Boys and school

Boys and school

I recently picked up some consulting work with a local school district helping teachers of pre-k students who did not see the pediatrician during the pandemic, and therefore, did not get referred for early intervention services. So many children were impacted negatively by the pandemic. Thankfully children are pretty resilient.

When I did behavioral consulting in years past, almost all of my initial referrals were young boys. I experienced this myself as a parent with my oldest. We joked when he was a toddler that he had 2 speeds: high and off, nothing in between. We were lucky in that he had an amazing preschool experience, the most patient Kindergarten teacher, and best of all, a Quaker education from grades 4-12. I will always remember his lead teacher from 4th grade. She was also his math teacher and it took her a good 4 months to teach him that he could approach math problems in any way that made sense to him. His response from those early months: “you tell me the right way to do the problem, and I won’t get in trouble if I do it that way.” Ooof.

We were lucky that we found the right school fit for our boy, but that is not the case for all families. I read the book The Trouble With Boys when we were researching school options for our boy, and the content stands true still to this day. So why is school hard for a lot of boys? Here are some links to possible answers to that question.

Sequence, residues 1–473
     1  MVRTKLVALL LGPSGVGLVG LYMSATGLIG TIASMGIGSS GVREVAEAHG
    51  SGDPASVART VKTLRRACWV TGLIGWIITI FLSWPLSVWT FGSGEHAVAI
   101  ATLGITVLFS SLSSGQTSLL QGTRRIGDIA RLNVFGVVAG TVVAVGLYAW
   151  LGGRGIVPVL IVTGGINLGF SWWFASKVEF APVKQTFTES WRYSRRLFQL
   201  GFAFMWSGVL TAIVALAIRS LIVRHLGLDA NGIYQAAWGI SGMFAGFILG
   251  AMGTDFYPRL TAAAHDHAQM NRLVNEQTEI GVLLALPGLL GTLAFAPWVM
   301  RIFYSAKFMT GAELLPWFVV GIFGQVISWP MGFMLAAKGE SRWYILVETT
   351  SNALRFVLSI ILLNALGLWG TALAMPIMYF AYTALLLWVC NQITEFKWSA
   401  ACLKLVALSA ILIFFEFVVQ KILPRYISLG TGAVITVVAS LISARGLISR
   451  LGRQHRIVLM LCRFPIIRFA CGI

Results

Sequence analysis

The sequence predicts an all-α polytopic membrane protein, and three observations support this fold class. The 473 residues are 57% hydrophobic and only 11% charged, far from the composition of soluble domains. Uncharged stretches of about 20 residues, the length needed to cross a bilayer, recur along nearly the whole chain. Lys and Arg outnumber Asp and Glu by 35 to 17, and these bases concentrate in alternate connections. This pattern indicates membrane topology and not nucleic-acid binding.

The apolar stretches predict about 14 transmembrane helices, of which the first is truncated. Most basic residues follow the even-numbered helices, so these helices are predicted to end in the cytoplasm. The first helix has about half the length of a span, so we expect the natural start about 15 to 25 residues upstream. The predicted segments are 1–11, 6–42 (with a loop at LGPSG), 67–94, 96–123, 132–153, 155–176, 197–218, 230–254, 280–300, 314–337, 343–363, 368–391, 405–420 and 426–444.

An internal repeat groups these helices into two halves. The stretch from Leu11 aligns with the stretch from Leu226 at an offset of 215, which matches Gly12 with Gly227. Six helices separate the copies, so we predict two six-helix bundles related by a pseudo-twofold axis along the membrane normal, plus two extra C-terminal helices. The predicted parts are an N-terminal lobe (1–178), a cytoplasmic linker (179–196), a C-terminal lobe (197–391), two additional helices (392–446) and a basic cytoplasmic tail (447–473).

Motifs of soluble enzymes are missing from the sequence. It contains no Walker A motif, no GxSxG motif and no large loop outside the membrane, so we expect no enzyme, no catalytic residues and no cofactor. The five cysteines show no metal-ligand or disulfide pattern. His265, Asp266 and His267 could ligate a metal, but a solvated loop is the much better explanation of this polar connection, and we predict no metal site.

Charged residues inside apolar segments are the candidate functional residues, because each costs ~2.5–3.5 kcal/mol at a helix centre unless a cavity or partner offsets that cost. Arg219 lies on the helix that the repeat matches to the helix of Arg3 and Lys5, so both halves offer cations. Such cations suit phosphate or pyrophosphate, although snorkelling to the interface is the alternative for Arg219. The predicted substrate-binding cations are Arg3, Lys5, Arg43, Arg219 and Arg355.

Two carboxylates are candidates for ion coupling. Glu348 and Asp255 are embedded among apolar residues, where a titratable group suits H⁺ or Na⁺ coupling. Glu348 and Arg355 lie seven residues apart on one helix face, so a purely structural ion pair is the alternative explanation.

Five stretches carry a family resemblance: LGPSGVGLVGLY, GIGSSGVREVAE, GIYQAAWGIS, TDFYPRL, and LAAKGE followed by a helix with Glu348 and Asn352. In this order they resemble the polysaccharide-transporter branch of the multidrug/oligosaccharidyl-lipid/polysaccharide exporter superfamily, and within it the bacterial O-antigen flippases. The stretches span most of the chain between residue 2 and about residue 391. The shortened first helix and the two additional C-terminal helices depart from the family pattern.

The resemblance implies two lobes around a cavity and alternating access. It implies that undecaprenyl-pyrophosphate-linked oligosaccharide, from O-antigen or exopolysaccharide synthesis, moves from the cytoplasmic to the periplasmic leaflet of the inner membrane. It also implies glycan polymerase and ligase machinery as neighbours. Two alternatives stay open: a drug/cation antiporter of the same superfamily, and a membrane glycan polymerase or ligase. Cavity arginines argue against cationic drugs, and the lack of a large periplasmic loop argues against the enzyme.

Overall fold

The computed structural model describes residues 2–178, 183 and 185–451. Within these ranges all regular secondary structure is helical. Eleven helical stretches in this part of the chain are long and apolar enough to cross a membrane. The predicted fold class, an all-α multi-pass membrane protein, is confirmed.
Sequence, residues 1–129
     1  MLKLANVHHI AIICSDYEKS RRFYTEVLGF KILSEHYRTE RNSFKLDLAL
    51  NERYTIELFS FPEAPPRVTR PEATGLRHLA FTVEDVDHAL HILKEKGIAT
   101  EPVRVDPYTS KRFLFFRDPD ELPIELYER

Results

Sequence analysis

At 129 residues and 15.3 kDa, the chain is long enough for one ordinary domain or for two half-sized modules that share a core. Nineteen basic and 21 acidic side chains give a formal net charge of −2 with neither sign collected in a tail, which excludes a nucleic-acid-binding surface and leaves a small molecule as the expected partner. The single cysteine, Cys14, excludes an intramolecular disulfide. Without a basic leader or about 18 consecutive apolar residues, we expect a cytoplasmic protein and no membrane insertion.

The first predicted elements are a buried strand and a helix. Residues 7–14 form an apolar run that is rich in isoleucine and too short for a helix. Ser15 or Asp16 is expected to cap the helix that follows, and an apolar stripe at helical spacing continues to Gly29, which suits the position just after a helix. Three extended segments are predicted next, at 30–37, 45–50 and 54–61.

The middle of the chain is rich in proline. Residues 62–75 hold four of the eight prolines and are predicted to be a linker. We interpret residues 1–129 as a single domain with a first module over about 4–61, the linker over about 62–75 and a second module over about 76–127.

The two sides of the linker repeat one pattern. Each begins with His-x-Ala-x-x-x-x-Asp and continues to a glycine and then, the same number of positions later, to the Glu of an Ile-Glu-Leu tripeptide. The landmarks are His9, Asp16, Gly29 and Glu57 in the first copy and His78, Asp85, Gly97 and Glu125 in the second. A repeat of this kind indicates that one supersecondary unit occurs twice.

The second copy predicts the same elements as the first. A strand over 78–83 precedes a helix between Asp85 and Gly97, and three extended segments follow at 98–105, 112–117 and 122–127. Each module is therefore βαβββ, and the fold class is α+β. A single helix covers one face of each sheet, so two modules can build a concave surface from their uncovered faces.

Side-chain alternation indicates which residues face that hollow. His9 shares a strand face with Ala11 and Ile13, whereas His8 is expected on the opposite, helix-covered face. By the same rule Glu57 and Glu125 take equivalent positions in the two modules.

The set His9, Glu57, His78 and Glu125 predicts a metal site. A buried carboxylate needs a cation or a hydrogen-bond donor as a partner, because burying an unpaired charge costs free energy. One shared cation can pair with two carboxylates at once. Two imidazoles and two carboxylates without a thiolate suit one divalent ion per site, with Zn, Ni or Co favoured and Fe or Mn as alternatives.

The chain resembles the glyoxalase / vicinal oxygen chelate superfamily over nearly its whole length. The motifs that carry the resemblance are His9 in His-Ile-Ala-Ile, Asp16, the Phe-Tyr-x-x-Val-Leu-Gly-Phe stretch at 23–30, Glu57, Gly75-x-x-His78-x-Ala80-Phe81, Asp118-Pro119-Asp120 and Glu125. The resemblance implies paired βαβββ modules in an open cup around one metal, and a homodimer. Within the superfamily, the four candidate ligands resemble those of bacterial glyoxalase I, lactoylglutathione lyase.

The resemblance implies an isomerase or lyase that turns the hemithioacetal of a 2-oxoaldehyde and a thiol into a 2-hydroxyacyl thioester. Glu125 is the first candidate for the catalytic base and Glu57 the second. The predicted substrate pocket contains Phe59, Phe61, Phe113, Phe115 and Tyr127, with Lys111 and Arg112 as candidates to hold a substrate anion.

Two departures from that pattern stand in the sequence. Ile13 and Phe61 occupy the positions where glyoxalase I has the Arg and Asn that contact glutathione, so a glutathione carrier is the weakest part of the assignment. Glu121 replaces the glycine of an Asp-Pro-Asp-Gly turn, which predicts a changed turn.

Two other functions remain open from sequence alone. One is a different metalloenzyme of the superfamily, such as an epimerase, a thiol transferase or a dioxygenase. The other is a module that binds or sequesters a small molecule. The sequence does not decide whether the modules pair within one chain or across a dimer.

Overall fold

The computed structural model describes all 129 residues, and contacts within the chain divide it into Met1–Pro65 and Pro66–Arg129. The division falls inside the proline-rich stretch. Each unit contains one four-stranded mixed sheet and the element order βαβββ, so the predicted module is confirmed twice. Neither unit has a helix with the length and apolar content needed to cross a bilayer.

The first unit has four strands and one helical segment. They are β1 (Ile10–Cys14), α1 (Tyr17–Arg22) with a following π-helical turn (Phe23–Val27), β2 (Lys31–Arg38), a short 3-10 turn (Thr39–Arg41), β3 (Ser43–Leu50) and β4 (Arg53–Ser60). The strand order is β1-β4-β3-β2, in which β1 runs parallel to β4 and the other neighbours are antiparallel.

Kindergarten is the new 1st grade.

No more recess at school.

Few male teacher role models.

So what can you do as a parent of a boy in school?

  1. Get involved at your child’s school. Bring supplies to the classroom (they are always needed). Join the PTA. Volunteer to help proctor one of those super boring end of year exams. Being active in your child’s school gives you a window into his school life and sends the message to school staff that you are a team player.
  2. Be proactive. If a teacher expresses a concern, offer up what you can do at home to help address the problem. Be sure the teacher knows you are a team and working together.
  3. Intervene earlier rather than later. Don’t be the parent whose only contact with the teacher is when there is a bad report card grade. Too little too late at that point. But, if you end up in that scenario, make a concrete plan to address it the next semester/trimester.
  4. Talk to your son. Ask questions that cannot be answered with just yes or no responses, start the conversation with something about your day, and my favorite question I stole from a friend this week…what was the best part of your day with a friend?

Fellow parents, chime in. How do you best support your sons at school?

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